I have little to no knowledge of Aphrodite IX’s previous series. All I know is that issue 1 of this volume was one of the comics available on Free Comic Book Day, and that it had a very interesting premise behind it. So I couldn’t help but give this issue a chance, and I’m glad I did.
Aphrodite IX takes place in a futuristic world where the human race is divided into two sub-races. One is full of cybernetically enhanced humans, while the other one is full of genetically enhanced humans. These two sub-races are at war with each other over Earth’s dwindling natural resources. Aphrodite herself is a cyborg assassin from the past who was awoken from cryogenic sleep, and has allied herself with the genetically enhanced. However, the cyborgs have learned how to take complete control of her for up to 20 minutes a day and have her perform assassination missions – of which she will have no memory of whatsoever.
The execution behind this is just as good as the concept itself. Aphrodite spends much of this issue trying to unravel the mystery of her past. Her internal narrations feel like how a cyborg would think, combining scientific terms with human emotions. There’s plenty of story happening with plans and conspiracies rising on both sides of the conflict. The last panel isn’t a twist or cliffhanger so much as it is a shocking moment for Aphrodite as she “wakes up” from her mission.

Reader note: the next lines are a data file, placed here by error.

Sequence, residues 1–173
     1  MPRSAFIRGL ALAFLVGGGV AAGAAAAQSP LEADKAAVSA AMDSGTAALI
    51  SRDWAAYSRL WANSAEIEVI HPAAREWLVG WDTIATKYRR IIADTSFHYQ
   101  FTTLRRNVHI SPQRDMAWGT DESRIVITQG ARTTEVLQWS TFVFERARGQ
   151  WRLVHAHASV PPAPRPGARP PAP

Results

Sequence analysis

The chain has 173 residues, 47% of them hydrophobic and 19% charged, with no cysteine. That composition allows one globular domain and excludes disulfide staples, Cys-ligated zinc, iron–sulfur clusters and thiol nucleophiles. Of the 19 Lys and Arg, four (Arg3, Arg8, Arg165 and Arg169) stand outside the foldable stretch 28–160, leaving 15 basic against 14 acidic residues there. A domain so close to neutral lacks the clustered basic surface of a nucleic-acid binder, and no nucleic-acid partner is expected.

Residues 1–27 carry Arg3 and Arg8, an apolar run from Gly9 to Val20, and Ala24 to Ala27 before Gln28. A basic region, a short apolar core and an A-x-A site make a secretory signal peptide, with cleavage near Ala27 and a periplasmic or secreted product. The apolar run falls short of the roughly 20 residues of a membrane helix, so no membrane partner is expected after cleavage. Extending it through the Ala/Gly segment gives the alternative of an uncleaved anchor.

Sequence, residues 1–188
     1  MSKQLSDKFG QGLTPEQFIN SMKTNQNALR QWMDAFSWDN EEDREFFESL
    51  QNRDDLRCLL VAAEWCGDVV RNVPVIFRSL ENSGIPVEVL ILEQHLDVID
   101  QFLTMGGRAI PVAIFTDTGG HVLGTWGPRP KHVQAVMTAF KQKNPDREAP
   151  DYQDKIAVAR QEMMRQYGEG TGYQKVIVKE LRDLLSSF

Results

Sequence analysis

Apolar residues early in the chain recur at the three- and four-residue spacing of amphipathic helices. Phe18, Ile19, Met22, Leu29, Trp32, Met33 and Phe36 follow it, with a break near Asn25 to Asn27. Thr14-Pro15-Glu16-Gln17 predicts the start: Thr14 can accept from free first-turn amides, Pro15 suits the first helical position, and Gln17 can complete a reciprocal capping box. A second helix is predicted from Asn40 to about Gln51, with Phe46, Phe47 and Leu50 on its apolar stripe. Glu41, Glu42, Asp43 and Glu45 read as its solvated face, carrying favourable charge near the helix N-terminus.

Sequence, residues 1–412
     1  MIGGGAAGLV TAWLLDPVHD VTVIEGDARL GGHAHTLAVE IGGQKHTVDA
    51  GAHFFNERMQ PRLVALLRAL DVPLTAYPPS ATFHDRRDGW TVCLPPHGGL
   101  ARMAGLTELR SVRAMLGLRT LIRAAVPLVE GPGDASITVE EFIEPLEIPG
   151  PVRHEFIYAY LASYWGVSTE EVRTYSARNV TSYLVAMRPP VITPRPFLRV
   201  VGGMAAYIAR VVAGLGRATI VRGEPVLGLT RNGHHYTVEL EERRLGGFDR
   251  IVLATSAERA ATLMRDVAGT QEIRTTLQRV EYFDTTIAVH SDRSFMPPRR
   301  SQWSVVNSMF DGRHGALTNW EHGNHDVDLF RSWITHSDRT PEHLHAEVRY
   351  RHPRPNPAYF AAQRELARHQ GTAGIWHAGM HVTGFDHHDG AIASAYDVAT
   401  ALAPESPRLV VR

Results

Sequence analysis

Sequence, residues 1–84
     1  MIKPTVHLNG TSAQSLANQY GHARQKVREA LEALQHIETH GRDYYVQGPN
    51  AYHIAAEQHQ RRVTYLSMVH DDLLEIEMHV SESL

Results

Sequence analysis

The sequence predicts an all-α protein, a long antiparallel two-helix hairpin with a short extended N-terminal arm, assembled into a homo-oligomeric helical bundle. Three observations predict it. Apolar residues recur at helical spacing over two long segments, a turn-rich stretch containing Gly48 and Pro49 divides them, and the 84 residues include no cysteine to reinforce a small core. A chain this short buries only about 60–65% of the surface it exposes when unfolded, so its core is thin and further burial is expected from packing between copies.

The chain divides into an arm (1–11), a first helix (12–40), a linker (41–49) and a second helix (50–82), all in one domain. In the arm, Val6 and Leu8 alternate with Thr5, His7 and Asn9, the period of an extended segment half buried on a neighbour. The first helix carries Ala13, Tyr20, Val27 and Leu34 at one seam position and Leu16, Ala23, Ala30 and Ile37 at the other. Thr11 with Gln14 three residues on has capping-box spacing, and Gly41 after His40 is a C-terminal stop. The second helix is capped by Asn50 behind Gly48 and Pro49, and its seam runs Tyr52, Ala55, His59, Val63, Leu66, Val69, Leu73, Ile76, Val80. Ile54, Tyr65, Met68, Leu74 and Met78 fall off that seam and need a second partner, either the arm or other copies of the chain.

Perhaps the real highlight of this issue is the art though. Stjepan Sejic’s images have a painted look to them, and the detail is very impressive. Every single panel has fully detailed backgrounds and lighting, and the facial work sometimes makes characters look real. The cyborgs have metal bits attached to their faces, while the genetics have a slightly animal-ish look to them. This is easily the best comic art I’ve seen this week.
After the main issue, there’s an extra page where the book’s creators discuss some of the themes and influences behind the book’s premise, which help enhance the science fiction feel to it.
There is a lot to like about this comic. It has an excellent premise and strong execution. The art is amazing, and the internal exploration of Aphrodite’s confusion is very well written. Even if you’ve missed the first issue, everything you need to know is explained here. Also, the first issue’s reprint is available this week anyway. I strongly recommend this comic if any of this sounds interesting to you.